The term “human resources” has become an antiquated concept in the current world of work. What’s needed from employers today is a clear focus on people — not just to attract and retain them but to support their wellbeing, hire more diverse teams and emphasize the human side of hiring and talent management.

“The past few years have taught us that workers are more than just ‘resources’ or ‘headcount,’” says Priscilla Koranteng, Indeed’s chief people officer (CPO). When Koranteng joined Indeed in 2022, she was the first to take on the CPO title, a role formerly called senior vice president of human resources.

People operations goes beyond traditional human resources policies and practices. It describes the business function that supports employee engagement and productivity and, importantly, humanizes operations to improve the employee experience. Human resources executive Laszlo Bock first coined the term “people operations” in his book “Work Rules!,” saying it helps employees “be more productive, healthier and happier.”

This function encompasses all things people-related. Key tasks include:

  • Analyzing people operations to identify areas for positive change.
  • Improving hiring practices and processes to recruit more effectively.
  • Onboarding new employees to help them quickly acclimate to their new roles.
  • Building a company's corporate reputation to attract and retain high-quality talent.
  • Developing employee skills through identifying talent and providing developmental resources.

“A CPO’s job is to look and think more holistically, solving for what people need in order to thrive within the organization,” Koranteng emphasizes.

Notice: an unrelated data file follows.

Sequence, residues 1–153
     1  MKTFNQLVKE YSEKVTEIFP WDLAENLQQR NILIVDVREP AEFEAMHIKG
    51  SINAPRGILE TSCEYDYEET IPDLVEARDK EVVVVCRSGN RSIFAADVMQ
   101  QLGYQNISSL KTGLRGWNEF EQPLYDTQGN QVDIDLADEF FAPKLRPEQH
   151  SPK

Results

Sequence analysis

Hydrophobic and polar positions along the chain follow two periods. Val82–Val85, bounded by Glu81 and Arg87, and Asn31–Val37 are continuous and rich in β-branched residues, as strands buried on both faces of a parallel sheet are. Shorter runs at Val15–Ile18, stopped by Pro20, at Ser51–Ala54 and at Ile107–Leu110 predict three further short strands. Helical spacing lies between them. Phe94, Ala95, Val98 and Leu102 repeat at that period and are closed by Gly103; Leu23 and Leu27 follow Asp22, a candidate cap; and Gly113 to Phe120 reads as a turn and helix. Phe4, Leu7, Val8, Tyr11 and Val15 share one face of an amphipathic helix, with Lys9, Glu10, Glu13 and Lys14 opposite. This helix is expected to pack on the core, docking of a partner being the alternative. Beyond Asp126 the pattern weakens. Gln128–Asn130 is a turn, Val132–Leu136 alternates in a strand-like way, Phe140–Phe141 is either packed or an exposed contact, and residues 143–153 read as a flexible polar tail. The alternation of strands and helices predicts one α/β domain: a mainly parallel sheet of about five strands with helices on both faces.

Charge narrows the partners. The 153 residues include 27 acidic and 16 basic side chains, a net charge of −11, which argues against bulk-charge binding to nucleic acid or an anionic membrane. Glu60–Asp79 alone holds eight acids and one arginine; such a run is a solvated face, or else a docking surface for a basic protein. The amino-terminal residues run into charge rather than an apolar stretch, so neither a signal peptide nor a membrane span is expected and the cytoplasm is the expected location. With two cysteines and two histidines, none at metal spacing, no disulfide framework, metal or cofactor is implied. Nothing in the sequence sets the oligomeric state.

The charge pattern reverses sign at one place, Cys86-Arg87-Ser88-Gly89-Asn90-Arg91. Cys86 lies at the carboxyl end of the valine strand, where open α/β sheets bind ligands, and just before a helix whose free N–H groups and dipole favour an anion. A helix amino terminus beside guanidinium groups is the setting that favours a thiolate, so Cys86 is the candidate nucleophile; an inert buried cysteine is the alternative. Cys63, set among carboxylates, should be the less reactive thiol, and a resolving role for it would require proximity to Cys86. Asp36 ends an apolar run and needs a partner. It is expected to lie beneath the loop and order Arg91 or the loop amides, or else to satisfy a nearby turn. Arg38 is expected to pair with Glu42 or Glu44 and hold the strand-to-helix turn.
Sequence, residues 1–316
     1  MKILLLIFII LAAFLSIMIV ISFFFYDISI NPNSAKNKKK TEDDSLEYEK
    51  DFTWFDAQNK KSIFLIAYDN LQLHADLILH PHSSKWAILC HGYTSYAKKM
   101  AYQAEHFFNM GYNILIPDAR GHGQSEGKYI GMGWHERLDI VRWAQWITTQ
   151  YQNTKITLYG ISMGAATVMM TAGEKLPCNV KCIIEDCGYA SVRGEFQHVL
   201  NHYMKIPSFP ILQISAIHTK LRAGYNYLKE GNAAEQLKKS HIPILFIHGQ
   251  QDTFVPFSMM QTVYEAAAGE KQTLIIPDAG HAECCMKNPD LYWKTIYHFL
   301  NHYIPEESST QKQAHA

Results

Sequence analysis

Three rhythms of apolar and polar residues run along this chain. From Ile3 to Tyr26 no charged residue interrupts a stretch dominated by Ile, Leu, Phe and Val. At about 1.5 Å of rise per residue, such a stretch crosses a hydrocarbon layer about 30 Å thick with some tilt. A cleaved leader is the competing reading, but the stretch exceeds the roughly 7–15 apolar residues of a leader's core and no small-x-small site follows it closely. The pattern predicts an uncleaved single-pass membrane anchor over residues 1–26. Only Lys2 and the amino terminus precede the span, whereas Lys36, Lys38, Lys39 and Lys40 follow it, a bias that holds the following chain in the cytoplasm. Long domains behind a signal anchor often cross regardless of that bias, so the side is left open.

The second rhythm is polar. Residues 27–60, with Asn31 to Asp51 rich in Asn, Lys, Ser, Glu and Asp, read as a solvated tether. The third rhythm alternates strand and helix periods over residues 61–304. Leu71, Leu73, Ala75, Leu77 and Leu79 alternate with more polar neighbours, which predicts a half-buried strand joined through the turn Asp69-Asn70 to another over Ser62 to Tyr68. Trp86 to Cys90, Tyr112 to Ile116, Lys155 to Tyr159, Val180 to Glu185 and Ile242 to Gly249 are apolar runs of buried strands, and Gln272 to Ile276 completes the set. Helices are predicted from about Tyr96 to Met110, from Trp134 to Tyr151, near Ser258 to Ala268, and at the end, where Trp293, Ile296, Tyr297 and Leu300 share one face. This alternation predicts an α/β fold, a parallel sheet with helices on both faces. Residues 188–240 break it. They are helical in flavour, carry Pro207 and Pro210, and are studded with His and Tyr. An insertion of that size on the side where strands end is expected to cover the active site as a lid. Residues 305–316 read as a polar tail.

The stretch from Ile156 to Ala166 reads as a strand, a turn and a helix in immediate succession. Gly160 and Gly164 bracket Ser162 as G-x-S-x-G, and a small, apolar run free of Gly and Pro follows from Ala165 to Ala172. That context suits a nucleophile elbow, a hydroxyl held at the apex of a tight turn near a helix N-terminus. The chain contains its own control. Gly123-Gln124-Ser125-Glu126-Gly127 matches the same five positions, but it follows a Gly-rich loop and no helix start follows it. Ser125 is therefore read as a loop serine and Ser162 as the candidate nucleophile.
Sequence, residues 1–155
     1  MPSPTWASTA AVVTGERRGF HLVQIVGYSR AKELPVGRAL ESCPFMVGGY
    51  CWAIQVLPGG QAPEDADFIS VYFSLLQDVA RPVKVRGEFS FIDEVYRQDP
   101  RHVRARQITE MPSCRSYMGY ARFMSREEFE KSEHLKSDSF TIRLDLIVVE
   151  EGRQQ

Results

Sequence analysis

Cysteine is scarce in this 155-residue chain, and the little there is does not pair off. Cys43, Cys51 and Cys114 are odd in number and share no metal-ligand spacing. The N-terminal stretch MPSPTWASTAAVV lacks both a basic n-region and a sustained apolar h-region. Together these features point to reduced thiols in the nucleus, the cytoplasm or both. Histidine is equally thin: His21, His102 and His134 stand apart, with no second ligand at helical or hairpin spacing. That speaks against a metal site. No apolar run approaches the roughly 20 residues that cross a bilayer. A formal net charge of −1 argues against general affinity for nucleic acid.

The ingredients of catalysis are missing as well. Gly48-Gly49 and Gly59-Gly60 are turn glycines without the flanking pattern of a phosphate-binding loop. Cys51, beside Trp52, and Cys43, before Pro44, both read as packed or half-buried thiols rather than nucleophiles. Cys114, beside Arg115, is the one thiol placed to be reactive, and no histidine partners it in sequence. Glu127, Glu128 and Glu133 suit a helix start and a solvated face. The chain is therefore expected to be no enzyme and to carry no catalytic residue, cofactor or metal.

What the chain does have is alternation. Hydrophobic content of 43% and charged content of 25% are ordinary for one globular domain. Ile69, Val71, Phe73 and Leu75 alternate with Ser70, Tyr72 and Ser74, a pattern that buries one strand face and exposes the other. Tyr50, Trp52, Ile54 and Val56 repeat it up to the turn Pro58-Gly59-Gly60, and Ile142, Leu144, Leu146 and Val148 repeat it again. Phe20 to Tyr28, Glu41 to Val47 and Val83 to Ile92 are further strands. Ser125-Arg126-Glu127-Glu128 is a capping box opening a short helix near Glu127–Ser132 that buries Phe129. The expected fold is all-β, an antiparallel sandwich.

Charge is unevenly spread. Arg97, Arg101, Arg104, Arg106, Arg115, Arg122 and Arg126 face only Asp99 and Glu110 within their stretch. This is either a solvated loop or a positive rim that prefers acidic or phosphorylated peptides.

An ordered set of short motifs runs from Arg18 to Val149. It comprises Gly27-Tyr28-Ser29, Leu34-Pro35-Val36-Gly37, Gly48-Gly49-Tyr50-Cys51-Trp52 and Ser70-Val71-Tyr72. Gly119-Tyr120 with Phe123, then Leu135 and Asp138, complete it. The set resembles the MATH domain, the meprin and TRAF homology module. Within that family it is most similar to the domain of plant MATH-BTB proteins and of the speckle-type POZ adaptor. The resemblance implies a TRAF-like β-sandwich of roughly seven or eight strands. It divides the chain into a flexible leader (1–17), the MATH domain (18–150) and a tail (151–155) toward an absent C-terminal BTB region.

Indeed CPO Priscilla Koranteng

Retention and New Hiring Appeal

With the ongoing tight labor market and increasing employee expectations of employers, improving retention has never been more vital. Investing in a people operations department can improve your hiring appeal and worker retention by focusing on the humanity of your employees, meeting their wellbeing needs and providing developmental and advancement opportunities. 

Koranteng says, “As a leader, always ask yourself: Why would employees stay with us, what makes us unique and what do we have to offer them?”

She shares three ways a strong people operations department can help win the hearts and minds of your talent every day:

  1. Understanding your workforce metrics in terms of hiring rates, promotions, turnover and available labor pools (based on your industry), as well as taking the pulse of the employees, is critical. Be sure to listen to your employees to better understand their needs and concerns. 
  2. Empower managers to manage. Everyday management and engagement is key to creating the best environment possible for employees. 
  3. Stay competitive. For instance, constantly review pay to ensure equitable processes — pay equity must be an ongoing, “always on” practice, not a once-a-year event. And beyond pay, think about the total employment value proposition.

Stronger Support Makes for Happier Workers

A top finding of Indeed & Glassdoor’s Hiring and Workplace Trends Report 2023 was that wellbeing and happiness in the workplace matter. However, in a recent Gallup poll, 47% of workers ages 18-29 report that their jobs have negatively impacted their mental health. The same poll found that 57% of workers couldn't confirm whether their workplaces had accessible mental health support services, with 33% unaware if they were even offered.